Plants on the floor of the Annulus Billabong

 

By Andrew Lees with input from Plant Guru – Dr Joe Greet from Melbourne University

 With the recent watering of the Annulus Billabong by Melbourne Water in October 2020 there has been a remarkable transformation in the plant life of this billabong floor.

Guru Joe from Melbourne University has been carefully monitoring this by recording all the plants in three 10m X 10m quadrants around the billabong floor. Pre the watering there was only one native plant species evident in the sites – covering only 1% of the area compared with 95% cover of weed species (introduced grasses and thistles mainly).

In the post watering survey an additional six native species were recorded and coverage of these native species increased to around 20%, while the cover of exotic plants reduced dramatically from the 95% to just 20% cover.

The main native species that have appeared at Annulus are Lesser Joyweed and Pale Knotweed.

  Lesser Joyweed grows to about 30cm high and can form a thick mat. The flowers are along the stems.

  Pale Knotweed is over a metre tall. It has bigger leaves and flowers atop the stems.

These two have been hiding their seed away in the soil for 10 years in the Annulus area waiting for the “big wet”.

The weeds are killed off by being submerged. However, they also leave seed in the soil and some can geminate after the water recedes – especially the thistles.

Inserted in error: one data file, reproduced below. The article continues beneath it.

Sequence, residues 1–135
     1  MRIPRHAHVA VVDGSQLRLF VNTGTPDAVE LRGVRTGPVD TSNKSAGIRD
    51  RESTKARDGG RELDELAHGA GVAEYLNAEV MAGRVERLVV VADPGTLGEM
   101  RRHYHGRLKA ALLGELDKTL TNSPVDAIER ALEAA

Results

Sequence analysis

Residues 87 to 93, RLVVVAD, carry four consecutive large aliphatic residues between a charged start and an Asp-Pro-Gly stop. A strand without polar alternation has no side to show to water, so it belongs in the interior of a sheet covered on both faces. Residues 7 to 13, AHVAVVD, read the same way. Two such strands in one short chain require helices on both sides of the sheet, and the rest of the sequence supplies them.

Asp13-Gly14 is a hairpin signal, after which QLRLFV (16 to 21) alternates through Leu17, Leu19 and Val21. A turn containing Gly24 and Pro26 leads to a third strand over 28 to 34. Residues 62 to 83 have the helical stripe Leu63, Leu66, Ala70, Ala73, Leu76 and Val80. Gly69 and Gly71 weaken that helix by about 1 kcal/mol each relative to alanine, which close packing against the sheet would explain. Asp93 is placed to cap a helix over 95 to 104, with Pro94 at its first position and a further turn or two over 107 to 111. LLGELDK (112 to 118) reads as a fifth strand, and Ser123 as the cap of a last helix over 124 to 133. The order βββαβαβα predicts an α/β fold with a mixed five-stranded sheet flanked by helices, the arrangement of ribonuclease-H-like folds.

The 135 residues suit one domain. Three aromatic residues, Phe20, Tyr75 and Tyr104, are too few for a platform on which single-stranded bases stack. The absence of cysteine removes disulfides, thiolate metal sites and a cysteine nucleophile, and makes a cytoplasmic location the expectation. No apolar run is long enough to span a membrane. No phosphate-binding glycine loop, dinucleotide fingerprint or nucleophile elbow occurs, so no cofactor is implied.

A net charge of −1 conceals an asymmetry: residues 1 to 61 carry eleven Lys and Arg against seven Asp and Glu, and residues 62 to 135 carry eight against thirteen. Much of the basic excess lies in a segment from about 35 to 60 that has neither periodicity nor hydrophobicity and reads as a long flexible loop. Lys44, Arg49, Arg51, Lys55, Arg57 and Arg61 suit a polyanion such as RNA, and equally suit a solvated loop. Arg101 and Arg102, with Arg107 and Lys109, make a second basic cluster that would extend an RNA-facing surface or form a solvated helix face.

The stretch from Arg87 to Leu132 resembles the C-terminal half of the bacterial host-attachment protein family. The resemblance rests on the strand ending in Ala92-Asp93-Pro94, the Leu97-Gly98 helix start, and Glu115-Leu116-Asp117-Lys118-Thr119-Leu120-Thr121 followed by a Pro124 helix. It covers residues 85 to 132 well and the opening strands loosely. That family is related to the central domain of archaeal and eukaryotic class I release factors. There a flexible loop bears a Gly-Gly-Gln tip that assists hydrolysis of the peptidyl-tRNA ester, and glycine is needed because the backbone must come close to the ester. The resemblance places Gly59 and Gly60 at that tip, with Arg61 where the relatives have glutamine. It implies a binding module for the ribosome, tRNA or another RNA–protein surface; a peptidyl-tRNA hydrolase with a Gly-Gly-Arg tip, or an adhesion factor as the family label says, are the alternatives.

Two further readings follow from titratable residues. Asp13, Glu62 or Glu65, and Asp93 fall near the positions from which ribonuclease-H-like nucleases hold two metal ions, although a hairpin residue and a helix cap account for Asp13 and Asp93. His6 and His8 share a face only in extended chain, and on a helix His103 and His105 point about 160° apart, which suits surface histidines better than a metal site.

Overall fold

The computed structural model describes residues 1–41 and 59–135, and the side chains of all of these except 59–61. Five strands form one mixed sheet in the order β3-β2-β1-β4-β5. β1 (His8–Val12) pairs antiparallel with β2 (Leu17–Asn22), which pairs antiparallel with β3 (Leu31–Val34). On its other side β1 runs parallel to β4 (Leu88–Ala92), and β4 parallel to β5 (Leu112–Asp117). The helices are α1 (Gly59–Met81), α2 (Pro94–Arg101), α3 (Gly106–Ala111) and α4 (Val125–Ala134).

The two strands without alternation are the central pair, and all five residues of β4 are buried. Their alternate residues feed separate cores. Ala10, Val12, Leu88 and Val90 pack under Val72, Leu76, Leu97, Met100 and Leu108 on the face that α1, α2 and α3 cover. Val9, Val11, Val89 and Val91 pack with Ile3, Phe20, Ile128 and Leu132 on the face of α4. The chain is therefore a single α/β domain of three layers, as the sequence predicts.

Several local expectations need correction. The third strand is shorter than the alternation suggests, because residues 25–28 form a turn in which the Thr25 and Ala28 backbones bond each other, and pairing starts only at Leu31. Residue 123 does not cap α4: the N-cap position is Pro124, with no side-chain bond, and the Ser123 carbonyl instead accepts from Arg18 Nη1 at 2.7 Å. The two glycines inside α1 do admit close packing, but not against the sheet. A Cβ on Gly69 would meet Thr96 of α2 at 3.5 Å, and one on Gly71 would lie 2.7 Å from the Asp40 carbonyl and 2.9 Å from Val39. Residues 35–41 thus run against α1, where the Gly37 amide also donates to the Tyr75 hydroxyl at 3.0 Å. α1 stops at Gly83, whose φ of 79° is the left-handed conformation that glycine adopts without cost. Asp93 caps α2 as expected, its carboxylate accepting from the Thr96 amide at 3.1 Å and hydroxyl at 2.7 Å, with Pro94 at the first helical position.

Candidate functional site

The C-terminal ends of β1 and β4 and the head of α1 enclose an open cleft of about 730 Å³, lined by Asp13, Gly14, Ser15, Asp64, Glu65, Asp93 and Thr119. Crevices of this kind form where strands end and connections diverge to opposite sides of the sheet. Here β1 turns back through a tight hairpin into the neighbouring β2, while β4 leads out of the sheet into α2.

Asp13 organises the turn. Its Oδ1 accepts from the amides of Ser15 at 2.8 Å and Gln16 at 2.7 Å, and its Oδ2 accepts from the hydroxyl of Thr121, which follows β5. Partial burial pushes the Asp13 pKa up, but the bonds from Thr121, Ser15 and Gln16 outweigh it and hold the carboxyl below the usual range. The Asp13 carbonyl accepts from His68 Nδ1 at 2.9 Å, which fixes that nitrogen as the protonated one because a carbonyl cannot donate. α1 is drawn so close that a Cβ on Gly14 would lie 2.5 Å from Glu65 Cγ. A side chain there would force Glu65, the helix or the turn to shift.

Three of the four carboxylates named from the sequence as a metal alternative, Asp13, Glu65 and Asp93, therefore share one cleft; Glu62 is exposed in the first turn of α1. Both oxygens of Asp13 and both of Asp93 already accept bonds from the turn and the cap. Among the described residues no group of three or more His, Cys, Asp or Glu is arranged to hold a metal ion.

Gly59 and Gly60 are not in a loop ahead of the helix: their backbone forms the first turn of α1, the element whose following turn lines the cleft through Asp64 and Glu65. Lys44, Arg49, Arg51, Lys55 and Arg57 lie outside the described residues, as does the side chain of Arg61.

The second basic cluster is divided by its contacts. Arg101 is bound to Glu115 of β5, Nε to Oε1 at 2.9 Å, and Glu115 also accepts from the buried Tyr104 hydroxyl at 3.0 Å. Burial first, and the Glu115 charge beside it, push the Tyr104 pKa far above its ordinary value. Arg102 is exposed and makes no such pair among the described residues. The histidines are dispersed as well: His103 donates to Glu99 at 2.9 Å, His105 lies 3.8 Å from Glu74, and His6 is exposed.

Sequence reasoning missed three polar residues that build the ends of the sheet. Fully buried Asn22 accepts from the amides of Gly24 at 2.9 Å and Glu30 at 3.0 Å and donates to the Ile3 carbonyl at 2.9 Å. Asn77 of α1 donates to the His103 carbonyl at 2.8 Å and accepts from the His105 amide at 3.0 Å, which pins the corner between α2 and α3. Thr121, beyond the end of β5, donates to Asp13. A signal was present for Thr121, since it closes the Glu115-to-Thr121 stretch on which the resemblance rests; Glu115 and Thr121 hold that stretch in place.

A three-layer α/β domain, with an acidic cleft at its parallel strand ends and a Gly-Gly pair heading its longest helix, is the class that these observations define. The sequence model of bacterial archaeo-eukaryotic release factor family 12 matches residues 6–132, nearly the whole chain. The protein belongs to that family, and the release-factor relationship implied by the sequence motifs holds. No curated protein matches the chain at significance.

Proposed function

There is a problem though. Our two native good guys are annuals and will only last months before setting seed and dying off. This can leave the scene ready for the weeds to make a comeback.

The challenge is to stop this resurgence of the bad guys happening.

 There are good two options available.

  • The first is to flood the billabongs yearly for a few years to germinate these natives annually. Slowly the seed bank of the weeds will die out – if the weeds have not been able to set new seed – and the good guys will reign again.
  •  The second option is bring in heavy duty perennial natives to take over the billabong floor.

This is where Sedges and Rushes come into the story – I doubt you knew that the sedges and rushes were native heroes!

These two groups are perennial that can last decades. Not only are they in for the long haul but they are very good at blanketing the ground around them and smothering out the weeds. This is especially so of the sedges.

Sedges have flattish open V shaped stiff leaves. The genus name for the sedges is Carex.

Rushes have round leaves.

“Sedges have edges, rushes a(re)round”.